Today, Wednesday 15th February is with International Childhood Cancer Day. Professor Dr. Norbert Graf, medical director of the Department for Pediatric Hematology and Oncology at Saarland University Hospital, reminds us of the needs of children and families with cancer and the importance of providing an integrated care response.
The life of a child with cancer is a journey filled with challenges and hardships. The diagnosis of cancer in a child can have a profound impact on the entire family and everyone involved. The child with cancer faces a range of physical, emotional, and psychological difficulties, and it is essential that they receive support and care to help them overcome these obstacles. Integrated care for children with cancer is a holistic approach that recognizes the complex needs of these patients. Integrated care is designed to provide children with cancer with the medical, emotional, and psychological support they need to cope with their illness and make a full recovery.
One of the biggest challenges for a child with cancer is the physical toll of treatment. Children with cancer often require surgeries, chemotherapy, radiation therapy, or other treatments to combat the disease. These treatments can be extremely painful and can cause a range of side effects, including nausea, fatigue, and hair loss. Despite the physical discomfort, children with cancer are often incredibly brave and resilient, showing remarkable courage and determination in the face of their illness.
The emotional toll of cancer is also significant for children. Children with cancer may feel scared, sad, angry, or confused about their diagnosis and the changes it brings to their life. They may worry about their future and the impact that their illness will have on their family and friends. Children with cancer often feel isolated and alone, as they may have to spend long periods of time in hospital and may miss out on important social activities and events. It is essential that children with cancer receive emotional support and care to help them navigate their feelings and cope with the difficulties of their situation.
In addition to the physical and emotional challenges, children with cancer may also face psychological difficulties. They may struggle with feelings of low self-esteem and self-worth, and may feel overwhelmed by the challenges that their illness presents. Children with cancer may also experience feelings of depression and anxiety, which can have a significant impact on their overall well-being.
From an integrated care perspective, children with cancer are not just patients, but they are also children who have unique developmental needs and require specialized care. Integrated care focuses on addressing the needs of the whole child, rather than just the cancer itself. This approach recognizes that children with cancer face a range of physical, emotional, and psychological challenges and provides them with the care and support they need to overcome these obstacles.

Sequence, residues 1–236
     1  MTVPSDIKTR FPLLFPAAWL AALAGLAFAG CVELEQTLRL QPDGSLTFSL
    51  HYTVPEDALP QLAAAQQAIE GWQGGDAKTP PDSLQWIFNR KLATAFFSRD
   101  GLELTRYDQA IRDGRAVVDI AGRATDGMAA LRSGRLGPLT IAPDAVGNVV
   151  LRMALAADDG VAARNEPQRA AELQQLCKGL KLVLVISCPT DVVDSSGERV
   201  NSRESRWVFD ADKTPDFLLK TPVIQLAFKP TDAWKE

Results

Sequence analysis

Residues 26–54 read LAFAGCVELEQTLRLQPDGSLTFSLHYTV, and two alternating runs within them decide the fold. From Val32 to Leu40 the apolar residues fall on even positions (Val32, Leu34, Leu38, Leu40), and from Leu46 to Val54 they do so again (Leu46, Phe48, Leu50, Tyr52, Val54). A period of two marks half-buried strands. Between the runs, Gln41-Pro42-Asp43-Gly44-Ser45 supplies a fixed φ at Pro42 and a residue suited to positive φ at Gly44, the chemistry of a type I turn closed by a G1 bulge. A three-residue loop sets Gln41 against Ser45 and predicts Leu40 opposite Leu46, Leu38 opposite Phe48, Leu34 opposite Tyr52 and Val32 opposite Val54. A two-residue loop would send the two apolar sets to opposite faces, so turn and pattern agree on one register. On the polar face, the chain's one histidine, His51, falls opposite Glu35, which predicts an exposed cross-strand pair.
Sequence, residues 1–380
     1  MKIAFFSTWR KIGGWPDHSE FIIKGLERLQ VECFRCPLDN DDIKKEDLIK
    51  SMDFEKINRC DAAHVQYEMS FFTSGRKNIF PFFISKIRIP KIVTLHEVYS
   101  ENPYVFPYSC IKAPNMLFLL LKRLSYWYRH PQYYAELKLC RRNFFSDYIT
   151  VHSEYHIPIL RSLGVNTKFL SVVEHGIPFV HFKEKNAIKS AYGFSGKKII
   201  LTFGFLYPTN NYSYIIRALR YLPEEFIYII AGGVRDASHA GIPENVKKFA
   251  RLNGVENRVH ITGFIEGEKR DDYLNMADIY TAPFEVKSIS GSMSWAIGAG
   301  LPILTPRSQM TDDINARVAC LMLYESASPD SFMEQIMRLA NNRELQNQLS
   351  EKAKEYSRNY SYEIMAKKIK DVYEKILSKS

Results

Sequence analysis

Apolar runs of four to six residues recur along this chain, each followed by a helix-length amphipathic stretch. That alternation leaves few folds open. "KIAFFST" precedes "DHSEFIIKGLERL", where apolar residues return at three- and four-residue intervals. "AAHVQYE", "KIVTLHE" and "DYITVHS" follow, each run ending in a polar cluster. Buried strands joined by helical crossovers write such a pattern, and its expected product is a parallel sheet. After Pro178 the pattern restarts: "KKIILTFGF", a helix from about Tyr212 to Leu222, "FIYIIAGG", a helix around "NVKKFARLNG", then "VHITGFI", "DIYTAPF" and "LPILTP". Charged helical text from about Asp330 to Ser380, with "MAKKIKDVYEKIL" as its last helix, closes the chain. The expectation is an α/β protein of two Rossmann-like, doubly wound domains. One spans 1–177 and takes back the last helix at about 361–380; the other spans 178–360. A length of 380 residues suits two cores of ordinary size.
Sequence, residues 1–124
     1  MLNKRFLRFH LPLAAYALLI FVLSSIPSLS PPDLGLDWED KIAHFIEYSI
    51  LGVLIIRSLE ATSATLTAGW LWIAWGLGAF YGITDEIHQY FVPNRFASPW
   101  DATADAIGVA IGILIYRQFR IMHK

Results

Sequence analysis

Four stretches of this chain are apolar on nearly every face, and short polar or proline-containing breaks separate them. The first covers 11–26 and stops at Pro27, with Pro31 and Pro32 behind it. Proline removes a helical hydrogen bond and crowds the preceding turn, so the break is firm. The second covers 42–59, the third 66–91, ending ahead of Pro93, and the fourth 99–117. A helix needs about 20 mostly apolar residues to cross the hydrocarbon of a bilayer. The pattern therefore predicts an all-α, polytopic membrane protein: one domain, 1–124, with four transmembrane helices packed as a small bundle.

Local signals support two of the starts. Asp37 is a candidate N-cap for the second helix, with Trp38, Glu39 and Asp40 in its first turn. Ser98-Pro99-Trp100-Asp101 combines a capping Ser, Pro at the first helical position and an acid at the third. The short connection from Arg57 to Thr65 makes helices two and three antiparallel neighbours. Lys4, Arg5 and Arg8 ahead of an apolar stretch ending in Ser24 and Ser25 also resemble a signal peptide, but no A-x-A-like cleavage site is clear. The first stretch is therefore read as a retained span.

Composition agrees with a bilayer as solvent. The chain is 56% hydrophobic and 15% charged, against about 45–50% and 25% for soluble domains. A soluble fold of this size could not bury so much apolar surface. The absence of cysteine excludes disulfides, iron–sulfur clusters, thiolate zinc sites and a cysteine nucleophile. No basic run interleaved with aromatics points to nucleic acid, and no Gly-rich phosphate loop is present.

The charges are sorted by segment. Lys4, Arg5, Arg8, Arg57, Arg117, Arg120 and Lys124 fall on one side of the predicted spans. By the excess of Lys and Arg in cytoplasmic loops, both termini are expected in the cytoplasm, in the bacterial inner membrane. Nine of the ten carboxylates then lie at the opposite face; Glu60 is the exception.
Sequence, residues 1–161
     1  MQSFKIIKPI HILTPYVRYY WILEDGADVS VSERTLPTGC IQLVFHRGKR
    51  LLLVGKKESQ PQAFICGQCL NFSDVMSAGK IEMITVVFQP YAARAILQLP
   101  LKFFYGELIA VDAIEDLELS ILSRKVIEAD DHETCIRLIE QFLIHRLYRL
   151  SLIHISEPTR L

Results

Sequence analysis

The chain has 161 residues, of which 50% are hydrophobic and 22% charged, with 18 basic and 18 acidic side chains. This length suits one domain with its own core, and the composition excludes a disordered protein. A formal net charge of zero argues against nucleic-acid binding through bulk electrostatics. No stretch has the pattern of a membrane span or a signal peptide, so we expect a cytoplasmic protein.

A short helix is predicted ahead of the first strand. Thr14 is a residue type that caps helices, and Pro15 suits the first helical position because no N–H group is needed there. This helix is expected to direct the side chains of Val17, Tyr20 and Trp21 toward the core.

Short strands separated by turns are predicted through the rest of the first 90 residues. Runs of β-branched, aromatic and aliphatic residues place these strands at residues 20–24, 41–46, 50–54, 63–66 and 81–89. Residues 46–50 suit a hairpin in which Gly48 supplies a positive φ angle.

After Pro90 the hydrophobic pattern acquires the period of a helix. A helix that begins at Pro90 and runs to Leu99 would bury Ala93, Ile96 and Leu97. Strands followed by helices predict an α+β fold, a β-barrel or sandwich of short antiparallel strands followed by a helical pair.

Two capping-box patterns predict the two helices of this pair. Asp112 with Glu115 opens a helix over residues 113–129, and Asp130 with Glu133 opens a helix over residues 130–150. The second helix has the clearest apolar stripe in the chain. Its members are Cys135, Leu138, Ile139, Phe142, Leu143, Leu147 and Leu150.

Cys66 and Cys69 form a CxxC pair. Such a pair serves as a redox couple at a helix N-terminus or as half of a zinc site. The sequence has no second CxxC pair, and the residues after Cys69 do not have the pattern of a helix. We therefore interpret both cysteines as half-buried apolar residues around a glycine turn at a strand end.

Integrated care involves the collaboration of various healthcare professionals, including doctors, nurses, social workers, psychologists, and others. This team-based approach ensures that children with cancer receive comprehensive care that addresses all of their needs. For example, the medical team may provide treatments to combat the cancer, while the psychological team may provide counseling and support to help the child and family cope with the emotional toll of the illness.
Integrated care also recognizes the important role that families play in the care and recovery of children with cancer. Family members are often instrumental in providing support, comfort, and advocacy for their loved one, and integrated care seeks to engage families as active participants in the care process.
Despite the many challenges that children with cancer face, it is important to remember that they are also incredibly resilient and capable of overcoming their difficulties. With the right support and care, children with cancer can make a full recovery and go on to lead happy and fulfilling lives.
In conclusion, integrated care is an important approach to treating children with cancer that recognizes the complex needs of these patients. Integrated care focuses on addressing the needs of the whole child, involving a team of healthcare professionals and engaging families as active participants in the care process. This holistic approach ensures that children with cancer receive the medical, emotional, and psychological support they need to cope with their illness and make a full recovery.
Professor Dr. Norbert Graf
Department for Pediatric Hematology and Oncology at Saarland University Hospital